With pseudo-lesbianism barely noticeable, a sensuously eye catching lead lady and a neat and tidy plot this isn't too bad at all and although one or two feeble attempts at comedy are made and there is a distinct lack of full on action the whole construction gets by on gentle conviction and subtle atmosphere. It is a shame more wasn't done with Holden and a follow up made where we could get to understand more of her mysterious character. In truth that is the films only flaw for me and I feel as though this effort fits in nicely to its era and surrounding genre.



1965. Directed by Daniel Haller

From the inexpensive vaults of American International this film reeks of a Cormanesque construction and has a tale similar to what this bargain basement director produced.

American Stephen Reinhart is a budding scientist and is visiting his girlfriend Susan Witley (Suzan Farmer) in the odd town of Arkham. Upon arrival he his shunned by townsfolk after asking of the Witley residence and so makes his own way there only to be met with rebuke from Susan’s father Nahum Witley (Boris Karloff). Add to this a meeting at the house with Nahum's wife, Letitia Witley (Freda Jackson) who remains hidden and is obviously suffering from some unknown malady, the local area that is void of life and an encounter with a strange figure in the grounds and it is no wonder Reinhart is starting to feel unsettled.

The secret behind all the goings on is a strange glowing radioactive stone that Nahum Witley is keeping hidden and using to enhance the growth of various sorts of life. The tales gets going but the journey I feel is wayward, lacking general atmosphere and too similar to other offerings. Patrick Magee makes the briefest of cameo appearances as a drunken Dr Henderson but even he fails to lift the film. Average to say the least and just lacking that nebulous spark so many counterparts achieve.



1962. Directed by Joseph Green

Sinister crackpot Dr Bill Cortner (Jason Evers) has been pottering around on the transplantation front with surprising success. Cortner is involved in an automobile accident with his fiancée, Jan Compton (Virginia Leith) who unfortunately loses her head (yes literally folks) which is picked up and taken by the crazed Doc. Somehow Cortner manages to keep the head alive and sets up a devilish plan to find an appropriate, lust worthy body so as to continue the relationship.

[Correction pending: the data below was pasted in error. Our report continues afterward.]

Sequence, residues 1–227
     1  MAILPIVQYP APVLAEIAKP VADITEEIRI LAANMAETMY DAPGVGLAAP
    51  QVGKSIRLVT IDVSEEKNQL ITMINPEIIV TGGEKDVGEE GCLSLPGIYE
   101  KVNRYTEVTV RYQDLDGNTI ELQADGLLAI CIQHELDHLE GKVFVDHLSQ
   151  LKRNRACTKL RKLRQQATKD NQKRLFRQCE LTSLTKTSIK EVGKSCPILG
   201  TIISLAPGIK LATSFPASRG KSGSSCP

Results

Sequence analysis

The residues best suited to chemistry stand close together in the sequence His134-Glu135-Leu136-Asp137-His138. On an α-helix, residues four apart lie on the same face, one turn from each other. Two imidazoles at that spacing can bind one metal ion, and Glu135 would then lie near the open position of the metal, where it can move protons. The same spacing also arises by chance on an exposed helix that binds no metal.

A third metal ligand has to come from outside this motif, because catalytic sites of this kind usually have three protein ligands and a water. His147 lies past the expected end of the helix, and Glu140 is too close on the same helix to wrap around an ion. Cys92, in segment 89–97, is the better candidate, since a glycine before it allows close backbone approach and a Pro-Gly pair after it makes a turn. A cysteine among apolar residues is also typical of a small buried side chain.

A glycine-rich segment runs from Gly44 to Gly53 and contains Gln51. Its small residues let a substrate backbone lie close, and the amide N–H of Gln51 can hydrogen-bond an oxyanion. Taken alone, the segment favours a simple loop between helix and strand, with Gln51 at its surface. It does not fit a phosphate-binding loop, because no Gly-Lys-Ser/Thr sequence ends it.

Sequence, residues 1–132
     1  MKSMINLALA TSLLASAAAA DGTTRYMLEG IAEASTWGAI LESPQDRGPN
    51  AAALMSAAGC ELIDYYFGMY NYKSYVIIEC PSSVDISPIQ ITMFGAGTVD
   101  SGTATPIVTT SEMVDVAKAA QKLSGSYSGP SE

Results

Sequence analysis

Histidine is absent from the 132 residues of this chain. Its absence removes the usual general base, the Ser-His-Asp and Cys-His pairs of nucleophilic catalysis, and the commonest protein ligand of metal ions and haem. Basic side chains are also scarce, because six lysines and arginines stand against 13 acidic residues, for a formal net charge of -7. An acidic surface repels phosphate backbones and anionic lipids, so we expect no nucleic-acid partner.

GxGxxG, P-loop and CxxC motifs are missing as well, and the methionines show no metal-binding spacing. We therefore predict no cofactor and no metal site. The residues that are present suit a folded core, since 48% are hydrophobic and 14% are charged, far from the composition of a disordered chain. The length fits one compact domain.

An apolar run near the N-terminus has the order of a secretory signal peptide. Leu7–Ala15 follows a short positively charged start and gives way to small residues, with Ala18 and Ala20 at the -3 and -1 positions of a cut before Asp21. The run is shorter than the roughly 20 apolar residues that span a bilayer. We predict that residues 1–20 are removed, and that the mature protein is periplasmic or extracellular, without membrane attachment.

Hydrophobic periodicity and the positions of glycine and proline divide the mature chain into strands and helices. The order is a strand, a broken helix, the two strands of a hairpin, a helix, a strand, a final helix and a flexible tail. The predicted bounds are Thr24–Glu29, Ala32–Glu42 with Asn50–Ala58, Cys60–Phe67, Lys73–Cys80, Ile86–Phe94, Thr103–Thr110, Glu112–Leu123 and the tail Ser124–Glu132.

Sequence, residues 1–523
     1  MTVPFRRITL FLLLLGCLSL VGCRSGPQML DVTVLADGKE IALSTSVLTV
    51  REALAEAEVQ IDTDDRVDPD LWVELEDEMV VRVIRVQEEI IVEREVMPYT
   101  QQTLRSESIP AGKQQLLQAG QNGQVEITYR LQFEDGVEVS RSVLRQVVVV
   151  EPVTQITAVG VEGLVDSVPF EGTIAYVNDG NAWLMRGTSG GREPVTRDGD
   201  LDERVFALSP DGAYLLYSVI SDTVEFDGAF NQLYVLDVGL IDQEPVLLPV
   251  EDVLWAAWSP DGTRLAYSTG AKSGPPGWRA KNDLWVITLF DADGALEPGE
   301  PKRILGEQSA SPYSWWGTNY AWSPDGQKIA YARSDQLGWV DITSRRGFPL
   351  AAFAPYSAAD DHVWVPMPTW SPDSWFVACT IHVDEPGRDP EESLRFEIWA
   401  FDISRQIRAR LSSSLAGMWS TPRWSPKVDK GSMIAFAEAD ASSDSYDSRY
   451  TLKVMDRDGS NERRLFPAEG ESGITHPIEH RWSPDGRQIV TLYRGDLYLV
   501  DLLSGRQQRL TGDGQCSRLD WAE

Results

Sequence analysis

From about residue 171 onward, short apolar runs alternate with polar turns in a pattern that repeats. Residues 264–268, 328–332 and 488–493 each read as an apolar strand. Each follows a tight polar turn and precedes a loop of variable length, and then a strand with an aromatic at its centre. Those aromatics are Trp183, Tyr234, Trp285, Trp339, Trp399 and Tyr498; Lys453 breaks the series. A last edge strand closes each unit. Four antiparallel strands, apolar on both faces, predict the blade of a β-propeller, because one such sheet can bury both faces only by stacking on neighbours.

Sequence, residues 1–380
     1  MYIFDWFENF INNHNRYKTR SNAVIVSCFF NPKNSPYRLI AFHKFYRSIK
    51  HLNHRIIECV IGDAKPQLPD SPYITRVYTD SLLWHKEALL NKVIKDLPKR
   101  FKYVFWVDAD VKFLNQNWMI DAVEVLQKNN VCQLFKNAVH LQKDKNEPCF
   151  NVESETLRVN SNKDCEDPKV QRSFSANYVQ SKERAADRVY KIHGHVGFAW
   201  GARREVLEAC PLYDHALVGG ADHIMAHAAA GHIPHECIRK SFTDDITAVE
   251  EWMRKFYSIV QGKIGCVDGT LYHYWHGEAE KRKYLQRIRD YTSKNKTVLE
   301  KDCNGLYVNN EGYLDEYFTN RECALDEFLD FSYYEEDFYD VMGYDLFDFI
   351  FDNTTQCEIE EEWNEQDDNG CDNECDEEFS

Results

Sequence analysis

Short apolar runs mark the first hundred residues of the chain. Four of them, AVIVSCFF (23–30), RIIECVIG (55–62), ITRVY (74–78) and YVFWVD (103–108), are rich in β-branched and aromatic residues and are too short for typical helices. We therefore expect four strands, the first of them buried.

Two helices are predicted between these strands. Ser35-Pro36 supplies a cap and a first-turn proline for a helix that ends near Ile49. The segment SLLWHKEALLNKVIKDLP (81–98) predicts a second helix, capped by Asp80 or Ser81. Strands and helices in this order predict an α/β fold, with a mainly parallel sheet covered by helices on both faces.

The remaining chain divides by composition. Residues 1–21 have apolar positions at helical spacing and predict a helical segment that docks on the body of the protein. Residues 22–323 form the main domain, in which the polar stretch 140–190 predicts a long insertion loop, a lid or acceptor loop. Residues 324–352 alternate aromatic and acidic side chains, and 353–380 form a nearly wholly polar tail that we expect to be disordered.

Back in Cortners lab Jan's head sits in a dish where she comes round and sets up communication with a strange beast locked in a cupboard (awaiting the final seconds of the film no doubt). This hidden unsuccessful experiment is Jan's only hope to end her own existence and that of the Doctors who, in the meantime, is out on the prowl for a voluptuous victim. He discovers a facially disfigured model called Doris Powell (Adele Lamont) whom he obviously finds physically attractive. A few drinks back at 'his' place and toward the finale we head.

This is cheapo bunkum and has many clichés within its plot but it is a very entertaining flick with a super duper B-Movie monster at the end. It is nothing more than sensationalistic schlock but who cares. There is a time and a place and this is one to get down off the high horse with and just enjoy.



1964. Directed by Ubaldo Ragona

Similar in some respects to Night of the Living Dead but with a unique flavour all of its own. Dr Robert Morgan (Vincent Price) is the sole survivor of a wind borne disease that has wiped out the whole of humanity. His days are monotonous with a ritualistic/routine lifestyle liable to crack the most solid of minds. The curse of loneliness is bad enough but being haunted by a legion of living dead vampires only adds to the anguish and Morgan is very much a man on the cusp. Will he make contact with other humans or will his nightmare continue and he will die as the last man on earth?

This film poses many questions to the viewer such as:- How would I defeat the vampires? What would I do in Morgan’s shoes? How would my mental state hold up under such strain? What would I do to pass the time? etc. Brilliant stuff and done with such a low budget and limited effects.

Price as always is a reliable actor and is thoroughly convincing in a demanding role. The sketchy black and white look only adds to a certain authenticity and it is one to peruse and ponder over many sessions. Based on the 1954 novel by Richard Matheson, I Am Legend, this is a must have piece of horror for the seeker of the atmospheric.